Given how much offshore acreage was excluded from the proposed draft, BOEM should not remove any areas proposed in the draft from the final lease plan, the associations write. The government is missing key opportunities to harness U.S. offshore energy in the Atlantic, eastern Gulf of Mexico and off Alaska, as other countries are implementing robust offshore development programs. Energy development on the outer continental shelf (OCS) would generate significant job and economic benefits to the U.S., and industry continues to press ahead with technological, safety and environmental protection improvements – all designed to foster increased safety in offshore operations.

The comments are among those being collected by BOEM before it finalizes the five-year leasing program later this year. The leasing plan is a blueprint for offshore development; areas not listed in it won’t be offered for lease 2017 to 2022. Given the 10 to 15 years needed to develop offshore oil and natural gas – from the time the lease is sold to production – the federal plan is critically important.   

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atlantic-ocs  outer-continental-shelf  offshore-drilling  offshore-leasing-plan  oil-and-natural-gas-development  jobs  government-revenues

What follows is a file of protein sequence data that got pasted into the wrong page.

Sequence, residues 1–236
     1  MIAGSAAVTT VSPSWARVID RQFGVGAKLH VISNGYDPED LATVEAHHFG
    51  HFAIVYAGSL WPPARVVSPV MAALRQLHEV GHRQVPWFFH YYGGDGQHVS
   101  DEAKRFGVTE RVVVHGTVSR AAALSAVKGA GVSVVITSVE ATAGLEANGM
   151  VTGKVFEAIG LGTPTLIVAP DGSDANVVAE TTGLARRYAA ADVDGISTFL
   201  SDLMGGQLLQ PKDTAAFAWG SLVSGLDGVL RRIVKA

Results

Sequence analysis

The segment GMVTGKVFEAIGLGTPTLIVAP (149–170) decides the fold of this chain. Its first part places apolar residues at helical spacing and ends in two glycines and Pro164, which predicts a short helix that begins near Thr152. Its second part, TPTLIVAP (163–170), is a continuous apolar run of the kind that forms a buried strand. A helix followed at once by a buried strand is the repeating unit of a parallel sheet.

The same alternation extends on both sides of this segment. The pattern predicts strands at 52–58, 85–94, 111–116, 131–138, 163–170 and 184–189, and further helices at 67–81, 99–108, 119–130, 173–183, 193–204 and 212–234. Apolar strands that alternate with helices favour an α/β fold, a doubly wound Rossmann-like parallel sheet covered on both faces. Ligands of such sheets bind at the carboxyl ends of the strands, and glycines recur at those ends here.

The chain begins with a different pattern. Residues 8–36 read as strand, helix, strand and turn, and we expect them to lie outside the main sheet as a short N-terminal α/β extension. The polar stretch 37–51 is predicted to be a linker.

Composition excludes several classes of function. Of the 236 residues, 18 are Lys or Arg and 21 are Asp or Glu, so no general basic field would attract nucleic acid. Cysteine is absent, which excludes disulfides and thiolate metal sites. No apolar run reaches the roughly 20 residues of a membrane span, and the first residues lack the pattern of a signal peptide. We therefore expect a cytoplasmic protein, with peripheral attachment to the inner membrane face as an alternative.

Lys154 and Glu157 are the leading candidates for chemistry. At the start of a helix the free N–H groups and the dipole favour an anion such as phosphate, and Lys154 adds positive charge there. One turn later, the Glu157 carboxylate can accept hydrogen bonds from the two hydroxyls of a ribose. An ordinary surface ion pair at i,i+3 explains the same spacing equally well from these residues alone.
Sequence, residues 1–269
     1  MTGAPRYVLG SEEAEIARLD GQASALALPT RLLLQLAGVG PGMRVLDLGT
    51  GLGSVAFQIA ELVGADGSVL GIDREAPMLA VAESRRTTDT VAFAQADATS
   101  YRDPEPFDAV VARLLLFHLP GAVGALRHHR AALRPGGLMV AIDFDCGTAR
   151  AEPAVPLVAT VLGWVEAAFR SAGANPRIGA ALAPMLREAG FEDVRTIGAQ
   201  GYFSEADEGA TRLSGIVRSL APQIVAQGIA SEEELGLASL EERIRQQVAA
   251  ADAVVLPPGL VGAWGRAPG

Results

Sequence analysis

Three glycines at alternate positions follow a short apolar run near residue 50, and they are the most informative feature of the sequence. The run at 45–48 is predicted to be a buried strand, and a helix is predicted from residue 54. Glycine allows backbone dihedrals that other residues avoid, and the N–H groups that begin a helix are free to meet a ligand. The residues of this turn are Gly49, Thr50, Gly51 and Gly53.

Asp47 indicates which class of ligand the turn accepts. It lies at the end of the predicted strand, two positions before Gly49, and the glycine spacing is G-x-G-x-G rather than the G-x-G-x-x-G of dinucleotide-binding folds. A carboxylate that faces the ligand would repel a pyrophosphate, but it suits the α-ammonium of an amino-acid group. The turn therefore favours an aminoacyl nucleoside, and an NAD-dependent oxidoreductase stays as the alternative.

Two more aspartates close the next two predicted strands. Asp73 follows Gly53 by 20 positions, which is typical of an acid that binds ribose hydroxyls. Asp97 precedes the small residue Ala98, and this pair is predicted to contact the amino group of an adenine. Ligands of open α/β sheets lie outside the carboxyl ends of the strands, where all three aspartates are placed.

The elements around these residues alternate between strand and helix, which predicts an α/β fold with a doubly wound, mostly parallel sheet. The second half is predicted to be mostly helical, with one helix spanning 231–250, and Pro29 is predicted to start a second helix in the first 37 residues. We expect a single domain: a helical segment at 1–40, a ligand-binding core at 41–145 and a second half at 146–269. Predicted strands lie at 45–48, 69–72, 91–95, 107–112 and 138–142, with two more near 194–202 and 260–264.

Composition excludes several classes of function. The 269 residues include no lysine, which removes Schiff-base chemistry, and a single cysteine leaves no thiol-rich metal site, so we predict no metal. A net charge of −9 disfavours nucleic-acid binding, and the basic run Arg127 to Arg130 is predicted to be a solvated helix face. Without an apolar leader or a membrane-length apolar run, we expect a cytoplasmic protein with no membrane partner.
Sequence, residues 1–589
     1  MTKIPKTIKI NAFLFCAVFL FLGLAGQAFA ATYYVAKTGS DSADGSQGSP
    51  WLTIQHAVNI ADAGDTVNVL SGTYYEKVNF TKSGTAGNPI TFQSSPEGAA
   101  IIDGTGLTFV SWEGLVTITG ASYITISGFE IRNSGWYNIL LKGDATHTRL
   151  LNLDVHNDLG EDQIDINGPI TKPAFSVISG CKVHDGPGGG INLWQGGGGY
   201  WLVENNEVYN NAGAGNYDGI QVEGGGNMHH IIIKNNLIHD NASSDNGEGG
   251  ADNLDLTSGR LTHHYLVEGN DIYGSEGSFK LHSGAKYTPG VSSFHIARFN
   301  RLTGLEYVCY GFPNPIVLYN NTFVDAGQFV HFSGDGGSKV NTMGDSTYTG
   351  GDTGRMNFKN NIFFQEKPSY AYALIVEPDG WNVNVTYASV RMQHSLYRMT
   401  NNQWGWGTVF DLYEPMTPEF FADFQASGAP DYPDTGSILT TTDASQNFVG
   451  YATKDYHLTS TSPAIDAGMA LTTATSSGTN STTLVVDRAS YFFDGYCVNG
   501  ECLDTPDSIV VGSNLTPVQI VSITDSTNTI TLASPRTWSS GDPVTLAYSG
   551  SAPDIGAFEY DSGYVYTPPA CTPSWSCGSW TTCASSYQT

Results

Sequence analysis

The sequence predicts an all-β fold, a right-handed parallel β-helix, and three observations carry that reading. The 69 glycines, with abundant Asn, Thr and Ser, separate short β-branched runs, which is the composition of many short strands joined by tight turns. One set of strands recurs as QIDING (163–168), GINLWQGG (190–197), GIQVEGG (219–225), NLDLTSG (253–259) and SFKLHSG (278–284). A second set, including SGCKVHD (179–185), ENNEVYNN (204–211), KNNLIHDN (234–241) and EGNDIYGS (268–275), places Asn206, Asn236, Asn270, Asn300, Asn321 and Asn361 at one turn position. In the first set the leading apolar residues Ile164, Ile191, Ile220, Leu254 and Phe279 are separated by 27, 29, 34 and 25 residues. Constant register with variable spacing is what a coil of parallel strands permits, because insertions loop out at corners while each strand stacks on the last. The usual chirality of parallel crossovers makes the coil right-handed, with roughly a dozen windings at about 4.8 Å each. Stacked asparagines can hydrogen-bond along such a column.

Mark Green

Mark Green
Posted December 13, 2013

Last week we posted on a new study showing tremendous economic and energy benefits to opening the U.S. Atlantic Outer Continental Shelf (OCS) to offshore oil and natural gas development. The folks at the National Ocean Industries Association have a video out that captures the study’s highlights in a little over a minute.

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access  alaska  chukchi-sea  deepwater-drilling  delaware  domestic-energy  energy-policy  florida  government-revenue  gulf-of-mexico  leasing  offshore-drilling  president-obama  beaufort-sea  offshore-leasing-plan 

Jane Van Ryan

Jane Van Ryan
Posted December 2, 2010

In a major policy reversal, the Obama administration yesterday announced that it would not include potentially energy-rich areas of the eastern Gulf of Mexico, the Atlantic, and the Pacific in the government's next five-year offshore leasing plan. Further, the administration also officially delayed the next two lease sales for the central and western Gulf.